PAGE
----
Your characters for fiction writing are the people who make the book and who your audience gets to know, especially the main ones. Yet they can cause frustration to many authors, even the most professional ones.
An author recently informed me of the trouble she was having with her characters: “I just don’t know these characters, I can’t relate to them at all,” is how she put it. If you as the author cannot relate to your characters, then your audience will be unable too as well, and this can affect your writing.
Unlike with screen or theatre writing, you have to describe your characters from head to toe. Writers for screen or theatre don’t have to do that, since actors/actresses will play out the characters for them.
You, as the novel writer, have to place yourself as that character, and be both actor and actress to make them believable in the book. You have to feel and imagine how they would talk, walk, what they look like, their personality…
When describing a character, just writing ‘He has short hair’ is not descriptive enough. What colour is his hair? What is the texture? Is it short, or is he almost bald? And guess what? You have to do this for every single character in the story to illustrate to the reader who they are, especially the protagonists. Swapping and changing from one imaginary person to the other can be difficult, and if you are not ‘feeling’ the characters, it can make it more difficult and frustrating. But you need to get it right, so what do you do?
Now that you have a synopsis of the story (for example, what the story is about and a little bit about each character), before you start writing it would be helpful to make a list of each character in the story, starting with the main ones.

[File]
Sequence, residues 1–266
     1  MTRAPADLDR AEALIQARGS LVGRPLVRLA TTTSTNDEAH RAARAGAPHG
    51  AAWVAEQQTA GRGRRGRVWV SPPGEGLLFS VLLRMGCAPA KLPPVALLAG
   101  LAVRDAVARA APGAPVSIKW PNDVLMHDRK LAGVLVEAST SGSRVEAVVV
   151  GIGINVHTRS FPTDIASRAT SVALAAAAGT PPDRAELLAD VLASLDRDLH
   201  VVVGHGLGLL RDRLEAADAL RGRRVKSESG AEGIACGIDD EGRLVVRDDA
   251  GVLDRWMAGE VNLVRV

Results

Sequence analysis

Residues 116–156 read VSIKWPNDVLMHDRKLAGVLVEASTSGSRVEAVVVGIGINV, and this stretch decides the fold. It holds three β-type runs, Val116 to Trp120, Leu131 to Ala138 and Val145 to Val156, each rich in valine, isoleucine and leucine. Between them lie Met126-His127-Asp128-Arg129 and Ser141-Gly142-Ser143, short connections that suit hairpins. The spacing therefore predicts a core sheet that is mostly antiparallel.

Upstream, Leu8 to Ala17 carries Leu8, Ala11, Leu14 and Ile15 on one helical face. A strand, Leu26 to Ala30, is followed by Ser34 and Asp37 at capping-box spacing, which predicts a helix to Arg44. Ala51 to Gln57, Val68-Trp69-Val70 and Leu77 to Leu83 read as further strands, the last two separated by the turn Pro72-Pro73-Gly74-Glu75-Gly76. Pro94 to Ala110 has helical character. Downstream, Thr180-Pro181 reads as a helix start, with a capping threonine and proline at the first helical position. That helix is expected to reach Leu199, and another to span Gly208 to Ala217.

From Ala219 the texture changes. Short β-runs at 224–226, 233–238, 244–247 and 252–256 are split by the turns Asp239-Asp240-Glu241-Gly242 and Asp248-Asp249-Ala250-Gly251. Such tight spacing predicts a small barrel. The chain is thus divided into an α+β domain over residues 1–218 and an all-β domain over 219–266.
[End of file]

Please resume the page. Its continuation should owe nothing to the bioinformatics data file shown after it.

One by one describe each character, sometimes visualising a particular actor or actress, or imagining one playing that character can help – not your favourite actors, but ones you believe are like your character –
and, if your book was made into a movie or television series, the person you could imagine playing that character.
Write down the important questions – ‘Who?’, ‘What?’, ‘Where?’, ‘Why?’ and ‘How?’ – for each character. For example, where were they born? How old are they? What do they look like? Describe eye colour, hair, complexion, etc. What are their likes and dislikes? What significance do they have in the story?
If the character is from another culture and background from yourself, it is very important to study that culture and background. Do as much research as you can, so you get the character right. If they speak another language, it is important that some of that language goes into the book, so you don’t remove their culture from them.
Publishers are more receptive to accepting characters from different cultures and backgrounds nowadays, especially since the anti-racism movement.
You will be pleased to know that, for characters with a smaller presence in the story, you don’t have to go into so much detail; for example, ‘The shopkeeper gave the coins to Esther’. If the shopkeeper isn’t going to be in the story much, then you don’t have to go into extensive detail about the shopkeeper. If you want to make it more descriptive than ‘shopkeeper’, you could write ‘The woman behind the counter gave the coins to Esther’.
Once you get the characters, the story will be fun to write, and you will find that the chapters will flow together more easily. I hope you will find these tips helpful. Keep calm, don’t get frustrated, take a break if you need to, and the characters will come to you.